When correcting others, one must be careful not to embarrass them in public. No one here wants to embarrass or hurt another on purpose, but sometimes we do so inadvertently. Here are some tips on how to correct with kindness.
- If noise is the problem and an individual does not get the message simply by waiting, it would be better to take the individual out of the sanctuary to speak to them rather than announcing the issue to the whole congregation. If one must make a general announcement, it should be simple directions, and not contain any words of rebuke.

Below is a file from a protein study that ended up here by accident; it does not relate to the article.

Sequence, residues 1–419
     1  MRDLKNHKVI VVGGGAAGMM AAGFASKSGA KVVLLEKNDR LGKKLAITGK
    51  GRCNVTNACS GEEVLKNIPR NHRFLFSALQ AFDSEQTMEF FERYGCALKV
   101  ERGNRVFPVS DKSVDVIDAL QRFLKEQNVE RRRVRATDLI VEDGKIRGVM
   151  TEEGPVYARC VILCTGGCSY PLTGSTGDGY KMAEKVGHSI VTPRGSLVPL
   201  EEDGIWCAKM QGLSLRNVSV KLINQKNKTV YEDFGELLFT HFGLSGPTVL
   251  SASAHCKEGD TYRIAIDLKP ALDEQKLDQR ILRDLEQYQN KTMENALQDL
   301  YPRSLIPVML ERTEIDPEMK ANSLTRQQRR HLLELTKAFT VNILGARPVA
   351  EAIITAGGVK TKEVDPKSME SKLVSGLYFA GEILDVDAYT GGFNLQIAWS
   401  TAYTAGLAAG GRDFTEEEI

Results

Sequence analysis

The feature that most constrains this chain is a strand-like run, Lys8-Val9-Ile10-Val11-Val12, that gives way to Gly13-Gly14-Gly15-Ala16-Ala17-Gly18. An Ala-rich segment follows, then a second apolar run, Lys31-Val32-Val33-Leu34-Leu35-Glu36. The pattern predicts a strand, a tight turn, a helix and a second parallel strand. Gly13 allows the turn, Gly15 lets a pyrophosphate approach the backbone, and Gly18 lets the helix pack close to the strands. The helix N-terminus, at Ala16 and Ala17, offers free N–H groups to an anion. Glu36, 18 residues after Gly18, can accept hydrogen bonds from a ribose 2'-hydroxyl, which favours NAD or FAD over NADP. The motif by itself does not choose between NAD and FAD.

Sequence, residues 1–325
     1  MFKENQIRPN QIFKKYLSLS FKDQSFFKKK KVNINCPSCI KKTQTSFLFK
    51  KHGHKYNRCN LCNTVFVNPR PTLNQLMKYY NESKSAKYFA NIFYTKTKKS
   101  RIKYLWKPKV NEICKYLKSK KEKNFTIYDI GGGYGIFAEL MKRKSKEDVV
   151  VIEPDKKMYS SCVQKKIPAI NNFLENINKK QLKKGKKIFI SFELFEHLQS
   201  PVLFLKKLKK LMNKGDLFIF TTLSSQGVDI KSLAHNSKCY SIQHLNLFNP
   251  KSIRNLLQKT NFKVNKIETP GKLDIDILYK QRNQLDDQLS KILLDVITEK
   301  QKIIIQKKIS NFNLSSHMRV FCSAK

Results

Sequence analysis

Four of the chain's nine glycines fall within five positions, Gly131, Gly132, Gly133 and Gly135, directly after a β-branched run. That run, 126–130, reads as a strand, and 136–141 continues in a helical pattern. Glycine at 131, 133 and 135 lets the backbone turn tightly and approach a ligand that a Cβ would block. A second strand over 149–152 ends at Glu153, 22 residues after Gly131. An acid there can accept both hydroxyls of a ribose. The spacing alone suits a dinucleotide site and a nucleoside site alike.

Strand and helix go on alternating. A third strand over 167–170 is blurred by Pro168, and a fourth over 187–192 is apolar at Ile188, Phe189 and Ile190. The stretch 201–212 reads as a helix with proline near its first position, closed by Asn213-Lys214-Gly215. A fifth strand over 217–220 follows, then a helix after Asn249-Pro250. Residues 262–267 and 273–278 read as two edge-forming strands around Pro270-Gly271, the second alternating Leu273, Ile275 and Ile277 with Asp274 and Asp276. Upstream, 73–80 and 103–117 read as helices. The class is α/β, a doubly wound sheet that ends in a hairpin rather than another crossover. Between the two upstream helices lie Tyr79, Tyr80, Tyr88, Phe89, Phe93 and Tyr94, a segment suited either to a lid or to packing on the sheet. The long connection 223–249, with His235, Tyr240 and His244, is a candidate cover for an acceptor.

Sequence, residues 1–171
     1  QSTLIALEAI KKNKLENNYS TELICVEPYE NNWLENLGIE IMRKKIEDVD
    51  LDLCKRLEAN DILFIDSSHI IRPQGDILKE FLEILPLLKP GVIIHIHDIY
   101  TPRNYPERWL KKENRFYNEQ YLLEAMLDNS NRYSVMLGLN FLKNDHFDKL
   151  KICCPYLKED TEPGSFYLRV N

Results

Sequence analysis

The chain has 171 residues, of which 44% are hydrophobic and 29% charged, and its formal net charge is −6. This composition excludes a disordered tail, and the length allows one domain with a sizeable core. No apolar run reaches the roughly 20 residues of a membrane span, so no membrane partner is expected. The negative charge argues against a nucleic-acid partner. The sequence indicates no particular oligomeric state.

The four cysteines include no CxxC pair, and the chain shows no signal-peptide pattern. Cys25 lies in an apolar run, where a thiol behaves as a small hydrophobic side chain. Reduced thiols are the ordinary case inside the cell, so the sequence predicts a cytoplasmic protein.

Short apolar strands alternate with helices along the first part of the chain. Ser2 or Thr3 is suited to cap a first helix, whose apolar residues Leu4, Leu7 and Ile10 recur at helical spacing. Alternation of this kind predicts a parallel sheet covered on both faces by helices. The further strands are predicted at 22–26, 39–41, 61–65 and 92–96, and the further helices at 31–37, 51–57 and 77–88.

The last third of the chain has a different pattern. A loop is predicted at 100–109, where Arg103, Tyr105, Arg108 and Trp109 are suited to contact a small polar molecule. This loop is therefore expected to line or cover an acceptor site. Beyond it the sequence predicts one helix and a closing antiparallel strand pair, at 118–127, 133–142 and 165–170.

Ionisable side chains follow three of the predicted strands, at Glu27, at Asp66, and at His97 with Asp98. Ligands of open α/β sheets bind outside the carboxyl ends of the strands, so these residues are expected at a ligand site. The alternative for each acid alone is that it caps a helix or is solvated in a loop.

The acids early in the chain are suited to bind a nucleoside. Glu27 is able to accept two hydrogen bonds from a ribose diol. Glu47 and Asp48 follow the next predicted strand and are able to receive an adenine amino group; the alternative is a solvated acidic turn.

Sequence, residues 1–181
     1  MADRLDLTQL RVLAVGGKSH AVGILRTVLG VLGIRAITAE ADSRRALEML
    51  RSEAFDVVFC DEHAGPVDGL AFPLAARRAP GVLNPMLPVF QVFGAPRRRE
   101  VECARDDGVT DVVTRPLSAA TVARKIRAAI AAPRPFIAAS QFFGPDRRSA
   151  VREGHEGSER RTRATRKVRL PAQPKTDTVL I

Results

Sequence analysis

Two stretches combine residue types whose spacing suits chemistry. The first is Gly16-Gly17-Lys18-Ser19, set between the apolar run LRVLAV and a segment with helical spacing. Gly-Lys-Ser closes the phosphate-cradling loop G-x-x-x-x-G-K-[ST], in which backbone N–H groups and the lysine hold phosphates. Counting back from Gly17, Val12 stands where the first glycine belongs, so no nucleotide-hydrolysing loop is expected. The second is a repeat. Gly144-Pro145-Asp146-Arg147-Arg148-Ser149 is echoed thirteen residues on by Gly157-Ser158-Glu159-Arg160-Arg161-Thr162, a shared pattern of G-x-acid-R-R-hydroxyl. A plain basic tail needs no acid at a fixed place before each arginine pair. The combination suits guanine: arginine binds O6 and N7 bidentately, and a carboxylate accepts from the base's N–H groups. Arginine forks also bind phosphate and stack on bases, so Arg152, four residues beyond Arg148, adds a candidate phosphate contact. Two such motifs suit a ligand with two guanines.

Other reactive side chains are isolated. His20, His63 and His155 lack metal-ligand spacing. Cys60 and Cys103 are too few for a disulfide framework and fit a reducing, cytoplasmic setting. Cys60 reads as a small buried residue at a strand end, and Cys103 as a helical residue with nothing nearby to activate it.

- Begin the correction with something positive: "We are so glad you are here, you add so much to our shul."
- State the problem in a kind way: "Probably you didn't realize that your voice/your baby's voice carried to the rest of the shul and makes it hard for people to concentrate. I am sure if you realized that, you would have gone to the kiddish room to speak/ gone out to calm your baby and then returned."
- End on a positive note, with a kind voice, and a smile when appropriate. "Thank you so much for your understanding. We really are glad to have you here and we hope you will come to our shul often."
Remember that people of all ages can be embarrassed and hurt. We would not like to be embarrassed or hurt, so we should strive to be kind in our rebuke.
— Alyza Shapiro